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On 15 August 2017, Dr. Ganeshan Wignaraja, Chair of LKI’s Global Economy Programme, made an invited presentation at the Central Bank of Sri Lanka on “Reinvigorating Trade, Global Supply Chains, and Small-Medium Enterprises (SMEs) in Asia”.
The presentation focused on opportunities for industrial latecomers and their firms in global supply chains, in the wake of a modest recovery from the global trade slowdown.
His conclusions were:
- Global supply chain trade has become an increasingly important part of world trade, with East Asia as its global hub.
- Although the rate of export growth has fallen below the rate of GDP growth in the post-global financial crisis era, developing Asia’s trade growth seems to be picking up in 2017 amid policy uncertainty.
- There are opportunities in global supply chains for emerging economies, including Sri Lanka, due to a gradual recovery in industrialised economies and moderate growth in China.
- SMEs in ASEAN have the potential to expand further into global supply chains, both as direct exporters and as suppliers of intermediate inputs and services.
- East Asia’s experience suggests that there is no ‘one size fits all’ approach for SMEs to join global supply chains trade.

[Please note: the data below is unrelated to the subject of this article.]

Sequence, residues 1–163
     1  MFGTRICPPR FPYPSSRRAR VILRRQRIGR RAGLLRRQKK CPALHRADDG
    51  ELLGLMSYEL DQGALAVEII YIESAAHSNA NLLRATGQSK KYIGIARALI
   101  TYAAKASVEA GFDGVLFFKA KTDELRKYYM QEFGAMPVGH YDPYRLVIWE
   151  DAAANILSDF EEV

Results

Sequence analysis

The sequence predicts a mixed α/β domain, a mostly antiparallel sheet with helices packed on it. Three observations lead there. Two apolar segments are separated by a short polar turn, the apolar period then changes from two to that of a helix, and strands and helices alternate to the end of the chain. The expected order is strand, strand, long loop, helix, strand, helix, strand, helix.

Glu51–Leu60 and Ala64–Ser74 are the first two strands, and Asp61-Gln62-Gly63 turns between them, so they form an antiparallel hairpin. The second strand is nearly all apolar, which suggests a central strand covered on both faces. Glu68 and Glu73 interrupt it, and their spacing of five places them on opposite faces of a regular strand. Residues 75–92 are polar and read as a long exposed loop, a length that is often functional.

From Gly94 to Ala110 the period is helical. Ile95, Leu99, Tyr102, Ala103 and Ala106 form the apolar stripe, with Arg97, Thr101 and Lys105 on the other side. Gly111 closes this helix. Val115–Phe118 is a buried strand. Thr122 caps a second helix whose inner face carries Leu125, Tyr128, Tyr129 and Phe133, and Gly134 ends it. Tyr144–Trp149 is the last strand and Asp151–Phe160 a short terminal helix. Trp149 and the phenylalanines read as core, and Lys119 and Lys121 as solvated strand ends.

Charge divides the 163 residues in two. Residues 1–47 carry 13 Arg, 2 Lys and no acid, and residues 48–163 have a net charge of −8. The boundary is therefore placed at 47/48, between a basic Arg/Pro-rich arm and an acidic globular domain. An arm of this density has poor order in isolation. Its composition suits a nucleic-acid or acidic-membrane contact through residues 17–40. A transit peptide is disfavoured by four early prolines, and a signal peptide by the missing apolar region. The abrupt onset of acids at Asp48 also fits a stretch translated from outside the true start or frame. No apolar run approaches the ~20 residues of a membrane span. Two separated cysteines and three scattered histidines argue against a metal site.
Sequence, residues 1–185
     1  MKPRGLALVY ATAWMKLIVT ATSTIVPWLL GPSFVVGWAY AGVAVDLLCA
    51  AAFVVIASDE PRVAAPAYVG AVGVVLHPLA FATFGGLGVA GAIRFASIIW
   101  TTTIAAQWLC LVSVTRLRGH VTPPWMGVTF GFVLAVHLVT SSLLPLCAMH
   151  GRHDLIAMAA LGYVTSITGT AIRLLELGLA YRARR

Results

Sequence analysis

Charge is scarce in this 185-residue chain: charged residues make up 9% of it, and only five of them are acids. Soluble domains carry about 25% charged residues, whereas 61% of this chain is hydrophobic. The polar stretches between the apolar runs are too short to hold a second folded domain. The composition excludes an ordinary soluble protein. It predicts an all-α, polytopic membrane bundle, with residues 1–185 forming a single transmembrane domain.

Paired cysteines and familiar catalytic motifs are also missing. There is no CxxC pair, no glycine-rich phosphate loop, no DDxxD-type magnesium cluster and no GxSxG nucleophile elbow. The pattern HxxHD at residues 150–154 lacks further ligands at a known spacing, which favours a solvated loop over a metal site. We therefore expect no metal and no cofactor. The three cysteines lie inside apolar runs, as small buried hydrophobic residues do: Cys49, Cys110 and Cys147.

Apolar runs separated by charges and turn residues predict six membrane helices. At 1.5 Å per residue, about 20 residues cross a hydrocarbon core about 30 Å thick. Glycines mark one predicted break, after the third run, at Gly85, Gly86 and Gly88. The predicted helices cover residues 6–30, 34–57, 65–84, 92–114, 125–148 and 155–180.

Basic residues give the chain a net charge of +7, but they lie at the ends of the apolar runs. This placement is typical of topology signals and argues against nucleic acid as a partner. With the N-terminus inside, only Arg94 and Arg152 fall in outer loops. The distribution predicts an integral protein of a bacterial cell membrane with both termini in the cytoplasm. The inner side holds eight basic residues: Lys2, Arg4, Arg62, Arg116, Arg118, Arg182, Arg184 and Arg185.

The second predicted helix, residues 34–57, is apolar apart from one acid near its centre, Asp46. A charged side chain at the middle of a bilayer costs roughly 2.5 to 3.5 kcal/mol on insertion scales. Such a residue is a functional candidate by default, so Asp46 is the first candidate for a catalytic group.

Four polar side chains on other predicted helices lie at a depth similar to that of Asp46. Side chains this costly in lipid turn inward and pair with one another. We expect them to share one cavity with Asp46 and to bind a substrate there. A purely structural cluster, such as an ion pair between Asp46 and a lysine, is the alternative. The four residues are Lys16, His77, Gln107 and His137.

- East Asia’s experience suggests that the following factors facilitate entry into global supply chain trade:
- Smart business strategies that (1) encourage mergers and acquisitions, (2) forge business alliances between large firms and SMEs, (3) facilitate industrial clustering, and (4) create industrial technological capabilities.
- Deep structural reforms that (1) reduce tariffs on intermediate imports, (2) streamline customs procedures, (3) raise labour productivity, (4) boost R&D activities, and (5) improve financial access for SMEs.
- Careful use of free trade agreements (FTAs). Efforts should focus on concluding comprehensive agreements with major trading partners.
- World class marketing and technology support services should be provided to SMEs to benefit from these agreements.
- Developing social safety nets and re-training workers in losing sectors is essential to maintaining public support for trade liberalisation.
Dr. Wignaraja also maintained that further research is required on good practices in industrial policy, as there is a high risk of government failure and cronyism associated with the application of these sector and firm-specific measures.
Dr. Indrajit Coomaraswamy, Governor of the Central Bank, moderated the session. Dr. Nandalal Weerasinghe, Deputy Governor of the Central Bank; and Mr. K. D. Ranasinghe, Deputy Governor of the Central Bank, participated in the panel discussion. Around 70 officers from the Central Bank of Sri Lanka attended the seminar.
The presentation was followed by an interactive Q&A session. The discussion covered a wide range of issues, such as the duration of the global trade slowdown, implications of China’s economic restructuring, opportunities for Sri Lanka from India’s “Make in India” policy, Sri Lanka’s capacity to negotiate FTAs, and good practices in SME finance in Sri Lanka.